Melbourne House‘s Judge Dredd on the ZX Spectrum was released slightly later than the 1986 Commodore 64 version, coming out in early 1987. It was again programmed by Australian software company Beam Software, and it plays similarly to the C64 original. That is: it’s a bit of a travesty.
The game starts with a view of a series of buildings in Mega City One, where crimes are occurring. Each crime has an objective, either “warn”, “halt” or “kill”, which is shown on-screen before starting. You must move the icon of Judge Dredd over to a crime and press fire to start a platform shooter section. It’s worth noting that if you dally too long on this city screen then crime builds up and will eventually run out of control and the game will end, so you can’t hesitate too long.
In the platforming sections you then have to find the criminal (the “perp”) in a maze of screens, and either arrest or kill them. Depending on the crime, Dredd will be able to fire his gun or not, which is stupid, really. Especially when you can’t fire but have a criminal firing at you… I just don’t understand this strange mechanic.
Dredd also has a very strange jump mechanic that makes him look like he’s in low gravity. He can jump up and down to higher and lower platforms. Again: this is another weird mechanic that doesn’t really fit with Judge Dredd, but he must keep changing platforms to avoid being damaged by robot dogs and rats… Rats… This is Judge Dredd we’re talking about here… He doesn’t get damaged by rats – except in badly-designed video games!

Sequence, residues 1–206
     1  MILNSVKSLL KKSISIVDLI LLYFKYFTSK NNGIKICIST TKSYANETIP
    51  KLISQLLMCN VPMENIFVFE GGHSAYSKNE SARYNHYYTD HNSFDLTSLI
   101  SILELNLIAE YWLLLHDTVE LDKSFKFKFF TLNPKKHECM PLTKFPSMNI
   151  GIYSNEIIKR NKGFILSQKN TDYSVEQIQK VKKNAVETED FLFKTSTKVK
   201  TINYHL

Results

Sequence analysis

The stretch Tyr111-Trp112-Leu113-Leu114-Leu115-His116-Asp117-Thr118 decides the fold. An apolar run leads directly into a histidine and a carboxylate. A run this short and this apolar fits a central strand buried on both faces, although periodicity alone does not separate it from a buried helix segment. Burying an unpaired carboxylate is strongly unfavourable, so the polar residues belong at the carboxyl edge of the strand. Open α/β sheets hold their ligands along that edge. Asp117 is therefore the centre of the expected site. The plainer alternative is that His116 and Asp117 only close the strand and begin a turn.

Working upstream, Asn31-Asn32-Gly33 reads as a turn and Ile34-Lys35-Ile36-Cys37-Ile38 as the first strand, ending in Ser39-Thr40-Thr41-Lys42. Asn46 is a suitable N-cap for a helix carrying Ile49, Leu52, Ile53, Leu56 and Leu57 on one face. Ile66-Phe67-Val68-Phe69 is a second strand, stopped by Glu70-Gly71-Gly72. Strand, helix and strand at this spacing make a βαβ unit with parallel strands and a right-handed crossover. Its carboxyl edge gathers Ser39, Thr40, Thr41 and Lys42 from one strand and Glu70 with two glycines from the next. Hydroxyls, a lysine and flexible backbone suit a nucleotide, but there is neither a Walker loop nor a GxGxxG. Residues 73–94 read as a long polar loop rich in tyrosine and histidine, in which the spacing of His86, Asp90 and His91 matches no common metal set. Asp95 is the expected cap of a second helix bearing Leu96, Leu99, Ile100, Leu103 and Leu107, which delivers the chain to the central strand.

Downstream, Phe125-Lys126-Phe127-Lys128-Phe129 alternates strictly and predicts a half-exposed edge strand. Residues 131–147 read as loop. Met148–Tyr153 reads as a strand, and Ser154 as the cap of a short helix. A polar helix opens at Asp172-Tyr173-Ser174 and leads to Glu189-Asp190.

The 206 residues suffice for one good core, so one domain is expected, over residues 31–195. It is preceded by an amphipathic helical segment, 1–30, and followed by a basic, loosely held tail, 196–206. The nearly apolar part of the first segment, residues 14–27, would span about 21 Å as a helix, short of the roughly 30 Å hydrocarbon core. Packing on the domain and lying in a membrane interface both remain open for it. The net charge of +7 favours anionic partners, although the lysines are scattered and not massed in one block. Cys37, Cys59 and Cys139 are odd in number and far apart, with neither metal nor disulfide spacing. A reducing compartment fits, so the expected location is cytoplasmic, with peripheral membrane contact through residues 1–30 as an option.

Another strange feature are platforms that disappear under Dredd‘s feet, often dropping him onto lower platforms or even onto damaging litter crushers. Honestly: this game is such a mess… Whoever designed it clearly hadn’t read any Judge Dredd and didn’t give a hoot about trying to capture the spirit of the comic series. Or even make a playable and engaging game.
Judge Dredd is a clusterf*ck of confusion and bad ideas and deserved the panning it got at the time of release. I did read that Sinclair User magazine awarded this game five out five stars, which demonstrated just how utterly corrupt and devoid of integrity the reviewer and magazine were.
See also: 2000AD Special.